The only hand I had fallen was mine; I would have slipped out of my skin and beat myself up if I could. The general feeling of the people who knew about it was one of disappointment. My parents were more disappointed I had spent an entire semester lying. Everyone else was varying flavours of disappointed; critical, inquisitive, comforting and above all else, encouraging. I got encouragement in various forms this year – from the family who pays for everything to the family I’ve gathered over my years of socialising who hang around because they think I’m cool (I do wonder why) to people who all believe I can succeed in this school thing. I felt so much love I could have exploded. That love lifted me.

The rest of second semester was a fight; a ferocious battle against my greater desire to set everything on fire and burn with them. It was having the understanding that even though I had made a grave mistake in choosing Civil Engineering and I couldn’t visualise myself as a Civil Engineer, I was already here. There was no going back. I had people behind me who I couldn’t disappoint again. And even with all the work, my second semester results still sucked. They sucked relative to my expectations but when held up against my first semester results, they were a massive improvement. I deserved a medal (a small one sha because they still sucked).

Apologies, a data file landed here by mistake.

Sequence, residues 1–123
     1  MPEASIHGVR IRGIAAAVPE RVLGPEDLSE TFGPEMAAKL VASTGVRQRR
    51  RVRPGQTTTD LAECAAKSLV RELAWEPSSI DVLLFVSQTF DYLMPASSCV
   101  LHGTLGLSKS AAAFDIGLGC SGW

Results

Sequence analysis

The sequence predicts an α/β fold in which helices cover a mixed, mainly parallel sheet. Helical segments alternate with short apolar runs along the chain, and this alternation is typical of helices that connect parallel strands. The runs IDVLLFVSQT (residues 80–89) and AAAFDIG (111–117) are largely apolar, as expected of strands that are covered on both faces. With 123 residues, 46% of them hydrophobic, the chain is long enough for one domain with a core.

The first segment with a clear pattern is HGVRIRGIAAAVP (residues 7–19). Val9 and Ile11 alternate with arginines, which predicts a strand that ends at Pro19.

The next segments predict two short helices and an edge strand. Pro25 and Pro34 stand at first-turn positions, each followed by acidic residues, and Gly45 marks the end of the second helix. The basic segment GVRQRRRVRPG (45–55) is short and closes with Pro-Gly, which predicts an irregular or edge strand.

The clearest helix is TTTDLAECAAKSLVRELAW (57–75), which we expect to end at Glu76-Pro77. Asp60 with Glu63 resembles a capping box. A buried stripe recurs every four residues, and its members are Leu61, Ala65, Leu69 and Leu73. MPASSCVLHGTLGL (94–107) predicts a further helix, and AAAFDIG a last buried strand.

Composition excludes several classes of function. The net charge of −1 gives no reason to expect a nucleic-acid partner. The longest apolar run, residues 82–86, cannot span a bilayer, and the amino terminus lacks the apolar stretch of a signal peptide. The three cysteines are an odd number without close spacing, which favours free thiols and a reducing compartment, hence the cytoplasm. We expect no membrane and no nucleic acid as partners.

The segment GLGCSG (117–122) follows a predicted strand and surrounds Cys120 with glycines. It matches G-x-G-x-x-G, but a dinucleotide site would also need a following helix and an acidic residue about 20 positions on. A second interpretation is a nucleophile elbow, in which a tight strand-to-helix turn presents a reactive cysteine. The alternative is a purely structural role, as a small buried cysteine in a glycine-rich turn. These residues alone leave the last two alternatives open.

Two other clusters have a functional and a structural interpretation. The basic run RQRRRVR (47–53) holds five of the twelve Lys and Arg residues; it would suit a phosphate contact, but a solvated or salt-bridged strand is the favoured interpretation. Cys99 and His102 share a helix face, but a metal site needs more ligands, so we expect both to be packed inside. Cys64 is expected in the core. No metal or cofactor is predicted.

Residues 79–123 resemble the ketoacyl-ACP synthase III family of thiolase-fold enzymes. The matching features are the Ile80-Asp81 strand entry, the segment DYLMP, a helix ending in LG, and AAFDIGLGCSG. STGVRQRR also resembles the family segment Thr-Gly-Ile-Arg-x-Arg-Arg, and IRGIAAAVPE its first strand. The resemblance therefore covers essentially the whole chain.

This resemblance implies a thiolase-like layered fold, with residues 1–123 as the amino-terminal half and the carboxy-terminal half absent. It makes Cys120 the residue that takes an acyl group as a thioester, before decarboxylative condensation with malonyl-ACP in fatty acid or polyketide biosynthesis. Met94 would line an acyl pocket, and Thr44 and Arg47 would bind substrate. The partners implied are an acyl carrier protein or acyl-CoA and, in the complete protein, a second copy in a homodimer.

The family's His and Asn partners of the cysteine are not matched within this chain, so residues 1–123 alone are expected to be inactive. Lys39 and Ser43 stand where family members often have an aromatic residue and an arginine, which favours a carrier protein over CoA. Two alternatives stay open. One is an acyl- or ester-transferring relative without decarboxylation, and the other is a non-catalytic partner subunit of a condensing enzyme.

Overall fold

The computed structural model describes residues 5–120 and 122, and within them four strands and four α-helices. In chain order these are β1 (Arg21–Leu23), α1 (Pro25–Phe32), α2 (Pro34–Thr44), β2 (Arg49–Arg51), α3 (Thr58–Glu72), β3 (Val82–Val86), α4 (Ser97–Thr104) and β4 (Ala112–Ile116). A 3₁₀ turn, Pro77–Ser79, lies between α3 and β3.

In summary, 2019 was a fast year which began on a good note, drove me into the depths of the sea in the first half, and rode out in the second half. Along the year, there were good things sprinkled by the way – little successes of mine and the big successes of my family. Two siblings and a cousin graduated this year. My younger brother got admission into my school. I strengthened several bonds and I’m glad to know that even if everything else about me is poop, God was gracious enough to send the best set of friends my way. I discovered Cowrywise and I’ve saved more money in the past six months than in my first two years in school. I tried my hand on the Web Developer Course Uncle Efe was kind enough to purchase for me (sorry for calling you Uncle lol) and even though I’m just on HTML, I think if my degree is as useless as I think it will be, I could try the tech industry. I began a writing project which is well over 30,000 words currently and seems to be – for the first time in my life – headed towards completion. Though it seems bland and unoriginal, I’m glad I didn’t lose interest halfway through.

The place where I am now, as 2020 waits to leap out, isn’t ideal but it’s okay. I still fret about all the things I should be achieving by now and how badly I messed up this academic year. A couple of days ago, I was frantic, thinking of all the things I wanted to do before the year ended which I haven’t done (and probably won’t do) as if my life has reached its end, as if next year isn’t there. We know next year is there and we know (to some degree) my life hasn’t reached its end. I may not be the best person to give advice on pseudo-adulting – why isn’t this a real word though? – right now but I’ll keep struggling and learning as each day passes till I am worthy. Maybe then, I’d write a book on it even – Essentials of Pseudo-Adulting: A Helpful Tool to Get You Through the Awkward Years.

Next year is a time to pick up where I left off, to face another bloody semester (God help me), to not spend precious time beating myself up over little failures and to (try to) not be the subject of disappointment for my family.

Have a Merry Christmas and a Wonderful New Year, everyone!


My dear, dear cousin, all of us agbayas are still figuring life out, or is it life that is figuring us out? When you’re ready to write that pseudo-adulting book, I’ll be here to read it. Thank you for sharing!

Merry Christmas everyone!